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I set up a pipe returning the name of a package I'd like to install using apt-get:

... | xargs -I _ sudo apt install _

However, apt-get can't read from stdin in this case and exits with:

Do you want to continue? [Y/n] Abort.

I know about the -y flag to install the package without user confirmation, but I'd like to actually see the confirmation.

Is there a way to forward the package name to apt-get while still allowing it to read from stdin?

Putting apt-get on the left side of the whole command is not an option since I don't want apt-get to be executed if an ealier command in the pipe is aborted, using the set -o pipefail option.

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  • Would it work if you put the output into an array and then loop over it?
    – pfnuesel
    Commented Feb 8, 2018 at 14:51
  • Using echo "Please enter something." | xargs -I _ echo _; read, I see the output and it requests the read. I don't see how apt would do something else? Or am I assuming something wrong?
    – Stefan M
    Commented Feb 8, 2018 at 15:32
  • @StefanM In your case, you're running read outside the pipe. In the question, apt runs inside the pipe. Try something like echo foo | xargs sh -c "read x; echo $x"
    – ilkkachu
    Commented Feb 8, 2018 at 15:34
  • @ilkkachu Yes, you're right. The ; seperates the read from the rest. ;)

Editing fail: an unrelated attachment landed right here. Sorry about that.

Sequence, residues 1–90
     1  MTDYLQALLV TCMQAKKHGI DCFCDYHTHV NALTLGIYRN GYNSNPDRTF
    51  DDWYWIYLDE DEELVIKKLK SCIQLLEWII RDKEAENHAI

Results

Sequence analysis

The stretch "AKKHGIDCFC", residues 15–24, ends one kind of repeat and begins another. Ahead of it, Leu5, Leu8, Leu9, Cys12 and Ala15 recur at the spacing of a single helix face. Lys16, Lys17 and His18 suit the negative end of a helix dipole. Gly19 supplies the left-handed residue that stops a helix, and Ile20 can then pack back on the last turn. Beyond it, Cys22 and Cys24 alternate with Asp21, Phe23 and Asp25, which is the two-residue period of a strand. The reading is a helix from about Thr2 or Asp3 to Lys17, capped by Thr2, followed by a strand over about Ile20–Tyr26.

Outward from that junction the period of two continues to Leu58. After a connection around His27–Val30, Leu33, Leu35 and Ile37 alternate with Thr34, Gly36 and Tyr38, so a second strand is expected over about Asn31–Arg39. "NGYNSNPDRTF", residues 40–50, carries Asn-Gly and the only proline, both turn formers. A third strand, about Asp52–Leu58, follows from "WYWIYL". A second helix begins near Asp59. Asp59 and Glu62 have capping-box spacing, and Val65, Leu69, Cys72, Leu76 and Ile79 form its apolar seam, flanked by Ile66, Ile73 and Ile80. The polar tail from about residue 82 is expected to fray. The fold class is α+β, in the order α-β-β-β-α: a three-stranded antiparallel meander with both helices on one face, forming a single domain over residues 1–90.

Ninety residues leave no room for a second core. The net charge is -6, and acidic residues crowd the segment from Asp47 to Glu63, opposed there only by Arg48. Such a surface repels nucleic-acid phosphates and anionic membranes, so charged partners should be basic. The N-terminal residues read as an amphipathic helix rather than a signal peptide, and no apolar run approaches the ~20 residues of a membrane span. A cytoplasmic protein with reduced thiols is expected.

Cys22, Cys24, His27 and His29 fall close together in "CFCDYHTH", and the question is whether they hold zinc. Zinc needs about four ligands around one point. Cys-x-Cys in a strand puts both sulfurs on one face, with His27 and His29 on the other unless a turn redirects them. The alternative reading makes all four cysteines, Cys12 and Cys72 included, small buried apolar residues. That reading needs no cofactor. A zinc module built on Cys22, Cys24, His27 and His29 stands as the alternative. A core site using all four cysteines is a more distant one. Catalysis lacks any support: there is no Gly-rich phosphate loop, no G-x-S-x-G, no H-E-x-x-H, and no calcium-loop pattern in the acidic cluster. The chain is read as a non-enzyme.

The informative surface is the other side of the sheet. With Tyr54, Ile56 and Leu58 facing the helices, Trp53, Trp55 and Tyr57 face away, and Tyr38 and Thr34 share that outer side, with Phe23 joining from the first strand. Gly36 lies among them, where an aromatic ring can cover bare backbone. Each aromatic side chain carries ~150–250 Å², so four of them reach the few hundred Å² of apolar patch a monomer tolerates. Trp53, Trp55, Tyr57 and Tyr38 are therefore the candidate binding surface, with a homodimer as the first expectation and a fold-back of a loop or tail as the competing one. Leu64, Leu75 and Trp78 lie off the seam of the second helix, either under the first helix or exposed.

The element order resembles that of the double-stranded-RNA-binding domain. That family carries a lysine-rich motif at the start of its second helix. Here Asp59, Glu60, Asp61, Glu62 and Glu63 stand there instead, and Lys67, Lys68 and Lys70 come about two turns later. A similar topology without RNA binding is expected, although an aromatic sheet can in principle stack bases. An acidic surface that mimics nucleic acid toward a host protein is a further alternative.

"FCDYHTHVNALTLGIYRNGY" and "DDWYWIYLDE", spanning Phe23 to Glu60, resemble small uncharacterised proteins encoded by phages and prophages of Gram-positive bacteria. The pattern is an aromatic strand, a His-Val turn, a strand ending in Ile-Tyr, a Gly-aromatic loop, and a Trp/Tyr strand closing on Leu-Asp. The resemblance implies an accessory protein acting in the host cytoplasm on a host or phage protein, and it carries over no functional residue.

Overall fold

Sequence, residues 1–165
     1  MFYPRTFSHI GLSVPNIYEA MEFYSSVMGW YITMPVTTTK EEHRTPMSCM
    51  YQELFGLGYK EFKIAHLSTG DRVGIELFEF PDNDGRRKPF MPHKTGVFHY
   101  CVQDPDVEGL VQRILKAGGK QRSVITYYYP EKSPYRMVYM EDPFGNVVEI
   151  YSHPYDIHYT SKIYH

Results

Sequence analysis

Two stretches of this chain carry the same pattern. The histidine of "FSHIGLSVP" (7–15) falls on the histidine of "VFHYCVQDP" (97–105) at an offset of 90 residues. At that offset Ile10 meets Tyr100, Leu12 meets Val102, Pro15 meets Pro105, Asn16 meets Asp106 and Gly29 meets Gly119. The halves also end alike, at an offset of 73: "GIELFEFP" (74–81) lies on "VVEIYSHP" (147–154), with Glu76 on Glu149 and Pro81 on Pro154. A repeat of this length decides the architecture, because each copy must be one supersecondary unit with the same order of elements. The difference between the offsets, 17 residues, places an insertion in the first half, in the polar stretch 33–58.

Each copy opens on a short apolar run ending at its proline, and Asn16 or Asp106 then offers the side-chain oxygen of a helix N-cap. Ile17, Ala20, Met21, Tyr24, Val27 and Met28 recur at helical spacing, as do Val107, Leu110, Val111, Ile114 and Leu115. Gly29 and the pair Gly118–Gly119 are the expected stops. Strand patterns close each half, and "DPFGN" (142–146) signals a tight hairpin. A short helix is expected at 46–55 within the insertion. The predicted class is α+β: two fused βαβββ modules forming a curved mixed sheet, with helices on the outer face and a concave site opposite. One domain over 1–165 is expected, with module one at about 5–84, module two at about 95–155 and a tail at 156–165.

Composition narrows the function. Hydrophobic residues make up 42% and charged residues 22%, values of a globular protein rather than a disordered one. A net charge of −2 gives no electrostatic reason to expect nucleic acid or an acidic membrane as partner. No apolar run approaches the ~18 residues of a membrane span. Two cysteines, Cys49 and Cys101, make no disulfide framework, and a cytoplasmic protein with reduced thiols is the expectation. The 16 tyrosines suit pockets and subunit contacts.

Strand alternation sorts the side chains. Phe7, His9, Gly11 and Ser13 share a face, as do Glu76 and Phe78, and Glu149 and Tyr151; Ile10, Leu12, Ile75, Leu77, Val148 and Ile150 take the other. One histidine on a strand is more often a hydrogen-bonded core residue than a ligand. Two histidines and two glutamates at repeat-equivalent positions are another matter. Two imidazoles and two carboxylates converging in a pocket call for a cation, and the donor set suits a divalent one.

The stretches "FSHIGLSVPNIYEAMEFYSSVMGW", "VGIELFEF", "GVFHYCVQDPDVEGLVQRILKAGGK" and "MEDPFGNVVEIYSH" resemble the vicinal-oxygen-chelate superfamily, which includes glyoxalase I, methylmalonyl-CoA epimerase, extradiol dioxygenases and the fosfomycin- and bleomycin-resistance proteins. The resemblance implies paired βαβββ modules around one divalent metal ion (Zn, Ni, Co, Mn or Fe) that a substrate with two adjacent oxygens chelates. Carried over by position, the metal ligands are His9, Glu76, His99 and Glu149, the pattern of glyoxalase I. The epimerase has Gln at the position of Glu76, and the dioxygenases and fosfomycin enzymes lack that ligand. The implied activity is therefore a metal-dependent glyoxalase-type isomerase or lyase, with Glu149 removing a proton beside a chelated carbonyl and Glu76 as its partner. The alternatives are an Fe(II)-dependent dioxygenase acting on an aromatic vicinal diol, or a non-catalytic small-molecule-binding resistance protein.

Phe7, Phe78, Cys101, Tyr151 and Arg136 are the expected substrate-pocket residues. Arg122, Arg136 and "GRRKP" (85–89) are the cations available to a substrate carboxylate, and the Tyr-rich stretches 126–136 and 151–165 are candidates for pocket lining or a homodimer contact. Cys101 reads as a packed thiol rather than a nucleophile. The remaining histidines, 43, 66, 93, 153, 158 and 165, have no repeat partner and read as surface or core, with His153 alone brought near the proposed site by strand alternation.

– Stefan M
    Commented Feb 8, 2018 at 15:37
  • @StefanM It would be okay to assign the output of the pipe without the last apt-get stage to a variable and then execute apt-get on the value of the variable if it is set. Am I correctly assuming that the variable won't be set if the pipe fails?
    – danijar
    Commented Feb 8, 2018 at 15:51

2 Answers 2

2

pipefail doesn't stop the right-hand side of the pipeline from running, the whole pipe runs simultaneously, as usual. Try e.g.

$ set -o pipefail
$ false | echo foo
foo

It's the use of xargs that may or may not prevent running apt here, if it gets no input. Without -r or -I it would still run the command at least once.

But you could work around that by capturing the output with a command substitution and then running apt or not, based on the result:

if packages=$(somecmd...) && [ "$packages" ] ; then
    set -f
    sudo apt install $packages
fi

Package names should not have any whitespace, so using $packages unquoted should work (assuming the default value of $IFS; they probably can't contain glob characters either, so set -f may be unnecessary).

2

With the GNU implementation of xargs (the one typically found on systems that also have an apt command) and a shell like ksh93/zsh/bash with support for process substitution, you can do:

sudo xargs -I _ -ra <(cmd) apt install _

instead of:

cmd | xargs -I _ sudo apt install _

Note that it would probably make more sense to pass all the packages at once to apt rather than calling one apt per package.

sudo xargs -d '\n' -ra <(cmd) apt install

(-d being another GNU extension)

In any case like in the pipeline version, with or without pipefail, that will run sudo regardless of whether cmd succeeds or not since sudo and cmd are started at the same time and run concurrently.

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